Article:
Nevertheless, ‘Isis’ functions symbolically, combining the emblem of the sacred marriage with that of Isis, the Great Mother, and the song is structured around the concept of the quest. The myth of the quest is so pervasive that some scholars have argued that it determines virtually all mythic and literary patterns. According to Joseph Campbell in The Hero with a Thousand Faces, the ‘monomyth’ can be reduced to a ‘formula represented by the rites of passage in separation – initiation – return’. ‘Isis’ begins with the ‘separation’:
I married Isis on the fifth day of May
But I could not hold on to her very long
So I cut off my hair and I rode straight away
For the wild unknown country
where I could not go wrong.
Both ‘I rode straight away’ and ‘I could not go wrong’ are neatly ambivalent. The separation seems to lead him to asceticism – the cutting off of his hair is indicative of this, as is his behaviour in the second stanza:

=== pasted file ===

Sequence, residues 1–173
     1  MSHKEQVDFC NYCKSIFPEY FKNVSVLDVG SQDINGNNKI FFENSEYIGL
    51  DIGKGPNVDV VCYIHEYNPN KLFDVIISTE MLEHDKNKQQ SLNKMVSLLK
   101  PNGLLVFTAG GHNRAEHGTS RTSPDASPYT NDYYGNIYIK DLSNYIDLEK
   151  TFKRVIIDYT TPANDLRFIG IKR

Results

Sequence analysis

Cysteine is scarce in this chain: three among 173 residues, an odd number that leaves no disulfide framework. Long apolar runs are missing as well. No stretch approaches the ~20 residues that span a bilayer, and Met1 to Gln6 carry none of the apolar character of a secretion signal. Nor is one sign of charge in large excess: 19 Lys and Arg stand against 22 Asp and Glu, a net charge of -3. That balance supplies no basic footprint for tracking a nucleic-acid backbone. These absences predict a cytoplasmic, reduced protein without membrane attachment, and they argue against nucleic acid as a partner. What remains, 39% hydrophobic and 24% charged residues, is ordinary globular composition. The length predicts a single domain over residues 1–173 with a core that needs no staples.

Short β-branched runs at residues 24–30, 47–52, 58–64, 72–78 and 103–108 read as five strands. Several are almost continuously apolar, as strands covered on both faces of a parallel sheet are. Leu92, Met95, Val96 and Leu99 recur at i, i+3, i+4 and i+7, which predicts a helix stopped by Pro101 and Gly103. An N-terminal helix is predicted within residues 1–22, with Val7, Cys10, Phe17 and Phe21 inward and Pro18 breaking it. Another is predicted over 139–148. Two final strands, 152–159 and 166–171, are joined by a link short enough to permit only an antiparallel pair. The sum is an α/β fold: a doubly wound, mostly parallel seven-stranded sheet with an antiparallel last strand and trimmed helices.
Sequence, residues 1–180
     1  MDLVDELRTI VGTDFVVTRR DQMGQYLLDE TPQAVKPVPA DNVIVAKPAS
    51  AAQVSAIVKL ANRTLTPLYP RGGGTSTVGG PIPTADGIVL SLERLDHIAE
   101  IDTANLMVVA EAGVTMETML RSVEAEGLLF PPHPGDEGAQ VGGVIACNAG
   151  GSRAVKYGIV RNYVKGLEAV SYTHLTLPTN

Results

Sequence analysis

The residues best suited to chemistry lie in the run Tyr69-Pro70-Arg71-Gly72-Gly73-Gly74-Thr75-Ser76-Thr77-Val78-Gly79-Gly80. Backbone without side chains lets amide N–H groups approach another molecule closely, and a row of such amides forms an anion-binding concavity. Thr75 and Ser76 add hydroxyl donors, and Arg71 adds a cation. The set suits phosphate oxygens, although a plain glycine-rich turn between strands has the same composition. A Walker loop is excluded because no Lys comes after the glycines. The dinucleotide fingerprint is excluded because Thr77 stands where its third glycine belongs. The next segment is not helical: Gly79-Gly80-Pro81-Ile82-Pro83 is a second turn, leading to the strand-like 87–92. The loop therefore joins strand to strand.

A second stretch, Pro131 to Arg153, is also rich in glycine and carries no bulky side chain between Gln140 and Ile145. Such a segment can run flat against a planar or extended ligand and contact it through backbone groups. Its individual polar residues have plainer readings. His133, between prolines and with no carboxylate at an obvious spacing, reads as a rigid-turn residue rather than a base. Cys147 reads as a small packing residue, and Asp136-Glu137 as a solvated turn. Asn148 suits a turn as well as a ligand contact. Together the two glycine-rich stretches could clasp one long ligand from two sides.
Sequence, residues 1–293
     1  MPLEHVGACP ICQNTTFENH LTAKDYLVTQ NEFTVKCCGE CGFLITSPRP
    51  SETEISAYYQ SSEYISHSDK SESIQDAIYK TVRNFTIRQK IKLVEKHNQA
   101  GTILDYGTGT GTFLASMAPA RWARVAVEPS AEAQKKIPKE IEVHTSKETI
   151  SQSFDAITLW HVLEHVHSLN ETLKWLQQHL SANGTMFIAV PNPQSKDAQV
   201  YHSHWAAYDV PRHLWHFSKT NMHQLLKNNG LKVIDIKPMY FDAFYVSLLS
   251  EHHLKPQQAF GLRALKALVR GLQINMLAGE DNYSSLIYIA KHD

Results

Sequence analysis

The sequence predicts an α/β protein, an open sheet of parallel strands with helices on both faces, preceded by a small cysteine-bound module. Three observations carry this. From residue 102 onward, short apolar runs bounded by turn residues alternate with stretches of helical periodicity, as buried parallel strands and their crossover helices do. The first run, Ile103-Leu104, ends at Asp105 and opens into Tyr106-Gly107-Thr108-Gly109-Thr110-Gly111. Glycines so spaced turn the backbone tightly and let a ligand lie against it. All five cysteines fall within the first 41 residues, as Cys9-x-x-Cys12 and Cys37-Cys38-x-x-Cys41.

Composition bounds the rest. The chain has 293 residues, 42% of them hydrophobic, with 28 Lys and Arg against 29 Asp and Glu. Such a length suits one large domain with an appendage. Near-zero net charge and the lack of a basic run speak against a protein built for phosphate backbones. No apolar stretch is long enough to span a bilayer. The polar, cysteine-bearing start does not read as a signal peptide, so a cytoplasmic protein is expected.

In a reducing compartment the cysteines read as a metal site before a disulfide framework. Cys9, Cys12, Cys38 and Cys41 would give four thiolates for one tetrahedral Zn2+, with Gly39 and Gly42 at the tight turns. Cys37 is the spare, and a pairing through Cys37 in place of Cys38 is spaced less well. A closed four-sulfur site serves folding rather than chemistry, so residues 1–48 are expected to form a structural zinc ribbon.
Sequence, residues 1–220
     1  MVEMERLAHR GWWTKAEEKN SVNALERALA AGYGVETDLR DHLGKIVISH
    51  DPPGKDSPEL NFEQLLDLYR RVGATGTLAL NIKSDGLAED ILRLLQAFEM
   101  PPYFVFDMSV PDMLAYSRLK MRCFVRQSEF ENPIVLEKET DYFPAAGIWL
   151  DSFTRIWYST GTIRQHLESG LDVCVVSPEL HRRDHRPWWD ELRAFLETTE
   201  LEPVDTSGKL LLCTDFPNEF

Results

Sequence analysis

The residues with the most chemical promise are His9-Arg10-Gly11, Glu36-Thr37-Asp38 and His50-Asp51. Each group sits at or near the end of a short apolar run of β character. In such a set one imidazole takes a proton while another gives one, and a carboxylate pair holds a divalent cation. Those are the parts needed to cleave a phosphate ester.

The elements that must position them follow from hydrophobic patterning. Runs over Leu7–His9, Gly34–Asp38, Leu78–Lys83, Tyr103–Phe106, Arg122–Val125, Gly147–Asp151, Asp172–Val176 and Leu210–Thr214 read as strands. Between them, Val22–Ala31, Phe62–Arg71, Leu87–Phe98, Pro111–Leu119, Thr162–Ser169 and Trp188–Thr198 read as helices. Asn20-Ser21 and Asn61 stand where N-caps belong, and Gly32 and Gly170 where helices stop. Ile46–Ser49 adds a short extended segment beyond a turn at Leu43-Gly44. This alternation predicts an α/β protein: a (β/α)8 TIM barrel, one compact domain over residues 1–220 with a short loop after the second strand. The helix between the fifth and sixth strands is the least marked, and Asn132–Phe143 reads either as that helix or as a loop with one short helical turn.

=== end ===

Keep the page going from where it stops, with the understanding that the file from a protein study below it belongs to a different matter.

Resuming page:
I came to a high place of darkness and light
The dividing line ran through the center of town
I hitched up my pony to a post on the right
Went into a laundry to wash my clothes down.
‘Washing down’ is also a part of the apparent cleansing process involved in the self-discipline of the would-be ascetic. The hitching of the pony to the ambivalent ‘right’ is also a significant response to the choice between darkness and light that confronts him, separated as they are by the central ‘dividing line’. In Cirlot’s Dictionary of Symbols, Jung is quoted on the significance of ‘right’ and ‘left’:
The right side is masculine, representing the rational, the conscious, the logical and the virile, the left representing the converse.
Following the marriage and separation, the song’s narrator rides off seeking and attempting to assert his identity as an independent being, having been defeated in his attempts to assert himself in his relationship with ‘Isis’ whom he ‘could not hold on to’. An opportunity for such self-assertion is presented almost immediately by the approach of a man who is perceived to be ‘not ordinary’ and by his suggestion of the expedition for which money ‘ain’t necessary’, which suggests that the quest does not have material treasure as its aim. But his question ‘Where are we goin’?’ as they set out ‘for the cold in the North’ is ignored, leaving the song’s narrator:
Thinkin’ about turquoise … thinkin’ about gold
Thinkin’ about diamonds and the world’s biggest necklace.
As we’ll see, such thoughts are misguided.